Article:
which takes as a parameter a string of one word and determines if all characters in the given word appear in alphabetical order. The function returns true if all letters are in alphabetical order and false otherwise. If a letter is repeated twice in a row, that is considered in alphabetical order.
As a hint, you can check to see if a letter appears before or after another letter by using
just as you would for integers.
>>> is_in_alpha_order('ghost') True >>> is_in_alpha_order('door') True >>> is_in_alpha_order('Juliette') False
Consider the following program:
def dundees(pam, michael, dwight): jim = 5 for i in range(1, pam, 2): jim += i if michael: battlestar_galactica(pam, jim) jim = scotts_tots(jim, pam, dwight) else: if not dwight: jim = scotts_tots(pam, jim, not michael) battlestar_galactica(jim, 42) return jim // pam def battlestar_galactica(toby, kevin): creed = toby toby = kevin kevin = creed def scotts_tots(oscar, angela, jim): kelly = 2 * oscar if jim: kelly -= angela return kelly def main(): args = sys.argv[1:] michael = False holly = False if '-scott' in args: michael = True if '-flax' in args: holly = True mifflin = int(args) print(dundees(mifflin, holly, michael)) if __name__ == '__main__': main()
For each of the following calls, trace through the program's execution to determine what the program prints:
$ python3 the-office.py 2 -flax $ python3 the-office.py 5 -scott $ python3 the-office.py 4
Write a function named collapse that accepts a list of integers as a
parameter and returns a new list containing the result of replacing
each pair of integers with the sum of that pair. For example, if a
nums stores the values
[7, 2, 8, 9, 4, 13, 7, 1, 9, 10], then the call of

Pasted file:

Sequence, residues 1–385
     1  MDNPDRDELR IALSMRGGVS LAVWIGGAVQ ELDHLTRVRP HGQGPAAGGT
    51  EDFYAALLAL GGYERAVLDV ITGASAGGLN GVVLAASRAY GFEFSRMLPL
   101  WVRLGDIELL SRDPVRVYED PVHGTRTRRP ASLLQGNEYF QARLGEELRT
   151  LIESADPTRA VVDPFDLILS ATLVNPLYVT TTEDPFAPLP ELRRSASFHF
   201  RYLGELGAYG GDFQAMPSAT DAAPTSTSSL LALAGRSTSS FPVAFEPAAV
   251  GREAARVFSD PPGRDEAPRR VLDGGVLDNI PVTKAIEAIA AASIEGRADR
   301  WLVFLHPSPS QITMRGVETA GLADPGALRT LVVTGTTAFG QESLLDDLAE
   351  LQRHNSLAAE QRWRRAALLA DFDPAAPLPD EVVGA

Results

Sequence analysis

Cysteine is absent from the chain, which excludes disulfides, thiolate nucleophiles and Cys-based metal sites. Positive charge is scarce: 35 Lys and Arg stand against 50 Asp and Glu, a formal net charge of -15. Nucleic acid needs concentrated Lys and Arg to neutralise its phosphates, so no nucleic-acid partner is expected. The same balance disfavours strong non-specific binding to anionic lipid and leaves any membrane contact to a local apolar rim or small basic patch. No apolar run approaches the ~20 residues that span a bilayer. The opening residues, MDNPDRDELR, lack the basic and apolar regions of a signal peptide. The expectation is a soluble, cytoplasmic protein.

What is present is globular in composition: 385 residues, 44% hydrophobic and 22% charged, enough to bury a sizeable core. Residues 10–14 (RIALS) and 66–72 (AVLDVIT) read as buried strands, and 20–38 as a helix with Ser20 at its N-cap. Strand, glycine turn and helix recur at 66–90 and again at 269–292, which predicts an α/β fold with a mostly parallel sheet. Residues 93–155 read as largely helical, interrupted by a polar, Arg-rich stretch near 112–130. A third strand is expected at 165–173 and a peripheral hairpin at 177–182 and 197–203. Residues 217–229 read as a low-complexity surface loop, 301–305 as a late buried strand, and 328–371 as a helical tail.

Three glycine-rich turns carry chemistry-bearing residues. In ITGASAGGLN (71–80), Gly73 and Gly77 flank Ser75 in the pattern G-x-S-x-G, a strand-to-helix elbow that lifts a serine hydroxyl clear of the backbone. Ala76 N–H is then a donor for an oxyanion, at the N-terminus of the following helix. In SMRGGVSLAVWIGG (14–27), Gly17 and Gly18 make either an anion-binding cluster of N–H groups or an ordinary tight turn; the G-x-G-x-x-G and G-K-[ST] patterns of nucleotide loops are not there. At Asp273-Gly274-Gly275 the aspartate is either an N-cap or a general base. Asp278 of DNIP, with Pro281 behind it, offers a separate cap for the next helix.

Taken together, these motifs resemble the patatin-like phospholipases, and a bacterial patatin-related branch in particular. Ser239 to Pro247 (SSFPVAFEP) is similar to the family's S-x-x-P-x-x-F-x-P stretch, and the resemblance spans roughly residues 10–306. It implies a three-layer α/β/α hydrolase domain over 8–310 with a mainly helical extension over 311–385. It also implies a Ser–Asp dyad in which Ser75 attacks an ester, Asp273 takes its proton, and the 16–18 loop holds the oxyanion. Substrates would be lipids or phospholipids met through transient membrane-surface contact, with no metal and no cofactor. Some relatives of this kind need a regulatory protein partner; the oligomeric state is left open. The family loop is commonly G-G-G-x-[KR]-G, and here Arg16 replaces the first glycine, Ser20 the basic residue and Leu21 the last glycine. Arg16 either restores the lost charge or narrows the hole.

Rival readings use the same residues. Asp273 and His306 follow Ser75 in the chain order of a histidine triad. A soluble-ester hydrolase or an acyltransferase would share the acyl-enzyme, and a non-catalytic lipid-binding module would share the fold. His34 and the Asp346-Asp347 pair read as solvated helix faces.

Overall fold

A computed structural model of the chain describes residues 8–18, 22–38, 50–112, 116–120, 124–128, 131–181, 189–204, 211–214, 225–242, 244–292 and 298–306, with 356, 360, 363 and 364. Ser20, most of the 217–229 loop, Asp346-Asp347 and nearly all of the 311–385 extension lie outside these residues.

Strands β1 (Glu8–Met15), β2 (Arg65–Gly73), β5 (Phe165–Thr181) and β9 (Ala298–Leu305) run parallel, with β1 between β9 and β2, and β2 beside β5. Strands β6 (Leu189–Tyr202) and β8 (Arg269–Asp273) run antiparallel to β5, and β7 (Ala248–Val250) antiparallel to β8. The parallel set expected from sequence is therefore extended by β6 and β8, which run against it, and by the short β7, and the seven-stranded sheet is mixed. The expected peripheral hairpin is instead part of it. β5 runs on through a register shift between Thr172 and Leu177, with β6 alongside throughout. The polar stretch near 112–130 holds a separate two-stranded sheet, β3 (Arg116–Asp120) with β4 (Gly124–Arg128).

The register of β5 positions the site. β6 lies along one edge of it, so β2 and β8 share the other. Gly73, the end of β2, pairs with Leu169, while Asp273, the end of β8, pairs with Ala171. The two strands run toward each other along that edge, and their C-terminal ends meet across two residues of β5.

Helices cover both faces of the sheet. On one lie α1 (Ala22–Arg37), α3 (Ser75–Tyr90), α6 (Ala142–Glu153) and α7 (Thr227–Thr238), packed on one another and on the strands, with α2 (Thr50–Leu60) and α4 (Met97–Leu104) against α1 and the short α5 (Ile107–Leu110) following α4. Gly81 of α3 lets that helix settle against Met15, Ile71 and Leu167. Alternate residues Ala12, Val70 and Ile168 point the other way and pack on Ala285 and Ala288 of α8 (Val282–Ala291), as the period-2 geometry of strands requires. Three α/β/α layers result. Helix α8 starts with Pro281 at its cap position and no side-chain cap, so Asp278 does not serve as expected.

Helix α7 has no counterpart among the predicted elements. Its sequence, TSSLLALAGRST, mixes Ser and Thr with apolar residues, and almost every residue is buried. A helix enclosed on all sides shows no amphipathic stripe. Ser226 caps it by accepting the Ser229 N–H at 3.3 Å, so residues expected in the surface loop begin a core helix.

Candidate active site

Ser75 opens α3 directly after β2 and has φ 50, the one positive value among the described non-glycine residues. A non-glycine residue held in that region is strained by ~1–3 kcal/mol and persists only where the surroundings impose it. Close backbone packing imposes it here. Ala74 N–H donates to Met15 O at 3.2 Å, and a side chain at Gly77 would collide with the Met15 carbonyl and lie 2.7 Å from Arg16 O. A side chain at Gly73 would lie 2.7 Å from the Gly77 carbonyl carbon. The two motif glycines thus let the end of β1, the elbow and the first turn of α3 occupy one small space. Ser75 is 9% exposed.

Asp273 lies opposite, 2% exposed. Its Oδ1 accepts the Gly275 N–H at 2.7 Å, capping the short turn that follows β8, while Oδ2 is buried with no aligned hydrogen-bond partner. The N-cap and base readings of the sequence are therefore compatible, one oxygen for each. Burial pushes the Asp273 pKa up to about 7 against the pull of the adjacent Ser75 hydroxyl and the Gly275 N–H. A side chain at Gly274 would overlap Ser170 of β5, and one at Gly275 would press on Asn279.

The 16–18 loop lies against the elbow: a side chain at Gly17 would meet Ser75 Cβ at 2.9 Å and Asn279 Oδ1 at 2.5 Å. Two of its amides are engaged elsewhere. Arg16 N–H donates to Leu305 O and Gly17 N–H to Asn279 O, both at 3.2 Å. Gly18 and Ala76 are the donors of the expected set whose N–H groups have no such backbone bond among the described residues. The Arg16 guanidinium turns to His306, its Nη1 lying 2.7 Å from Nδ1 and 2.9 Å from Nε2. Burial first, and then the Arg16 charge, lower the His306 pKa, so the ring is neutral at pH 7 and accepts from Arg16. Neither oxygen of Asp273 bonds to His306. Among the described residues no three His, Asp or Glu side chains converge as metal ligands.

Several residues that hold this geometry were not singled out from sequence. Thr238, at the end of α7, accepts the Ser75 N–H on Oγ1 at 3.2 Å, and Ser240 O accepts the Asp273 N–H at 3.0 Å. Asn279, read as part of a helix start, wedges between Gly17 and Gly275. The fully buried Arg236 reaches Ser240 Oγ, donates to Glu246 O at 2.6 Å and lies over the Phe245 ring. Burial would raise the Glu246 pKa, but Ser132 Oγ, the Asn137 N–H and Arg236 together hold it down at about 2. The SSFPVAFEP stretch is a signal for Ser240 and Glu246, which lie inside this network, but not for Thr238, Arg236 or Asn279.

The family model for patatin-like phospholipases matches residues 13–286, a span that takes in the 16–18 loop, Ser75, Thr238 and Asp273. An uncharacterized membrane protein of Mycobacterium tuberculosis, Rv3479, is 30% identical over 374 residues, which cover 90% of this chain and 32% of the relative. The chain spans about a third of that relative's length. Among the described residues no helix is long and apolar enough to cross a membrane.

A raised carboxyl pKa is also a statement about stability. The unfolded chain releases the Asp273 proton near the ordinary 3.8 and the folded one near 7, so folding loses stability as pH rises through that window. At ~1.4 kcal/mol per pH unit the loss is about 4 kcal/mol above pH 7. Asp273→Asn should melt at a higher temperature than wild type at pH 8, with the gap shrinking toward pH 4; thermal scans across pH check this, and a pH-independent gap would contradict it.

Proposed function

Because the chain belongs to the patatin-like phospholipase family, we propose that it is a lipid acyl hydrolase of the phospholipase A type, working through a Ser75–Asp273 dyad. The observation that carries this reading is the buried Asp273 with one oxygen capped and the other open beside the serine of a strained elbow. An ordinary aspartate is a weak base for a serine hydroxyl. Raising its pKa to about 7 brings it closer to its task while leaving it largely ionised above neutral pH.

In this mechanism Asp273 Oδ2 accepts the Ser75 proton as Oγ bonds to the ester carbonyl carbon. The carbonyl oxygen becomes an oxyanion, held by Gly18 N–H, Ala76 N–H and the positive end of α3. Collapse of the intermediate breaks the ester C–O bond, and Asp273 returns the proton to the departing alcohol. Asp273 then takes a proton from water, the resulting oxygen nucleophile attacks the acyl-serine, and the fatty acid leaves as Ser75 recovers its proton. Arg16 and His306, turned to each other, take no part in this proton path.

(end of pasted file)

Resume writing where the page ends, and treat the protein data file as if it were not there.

collapse(nums) should return a new list containing
[9, 17, 17, 8, 19]. The first pair from the original list
is collapsed into 9 (7 + 2), the second pair is collapsed into 17 (8 +
9), and so on. If the list stores an odd number of elements, the final
element is not collapsed. For example, if the list had been
[1, 2, 3, 4, 5], then the call would return
[3, 7, 5]. Your function should not change the list that
is passed as a parameter.
Write the following function:
def rotate_list_right(numbers, n)
that takes in a list of integers called
numbers and an
n and returns a 'rotate' version of the
list that rotates
numbers to the right
n times. Each element in
numbers is shifted
n places, and the last
are moved to the start of the list. For example, calling
rotate_list_right([1, 2, 3, 4, 5], 2) would return the
[4, 5, 1, 2, 3]. Your function should not change the
list that is passed as a parameter.
Your job is to write a full python program, including a
main function, for a file called
special-count.py. This program should implement the
special-count.py is called with just a filename
python3 special-count.py myfile.txt) then it
should read in the file named myfile.txt (you may assume that this
file is formatted as single words separated by newlines) and
produce counts of words that share the same consonants in order.
For example, if we had the following text in
great grate greet teeny tiny bump
Your program should produce the following output. Note that the output is in sorted order.
$ python3 special-count.py myfile.txt bmp -> 1 grt -> 3 tny -> 2
special-count.pyis called with the additional flag -vowels (e.g.
python3 special-count.py -vowels myfile.txt) then it should produce the same output, only grouping words by their vowels rather than their consonants. So, using the same file as before produces the following output:
$ python3 special-count.py -vowels myfile.txt ae -> 1 ea -> 1 ee -> 2 i -> 1 u -> 1
For even more practice, check out the sample midterm and midterm preparation handout, linked on the course website .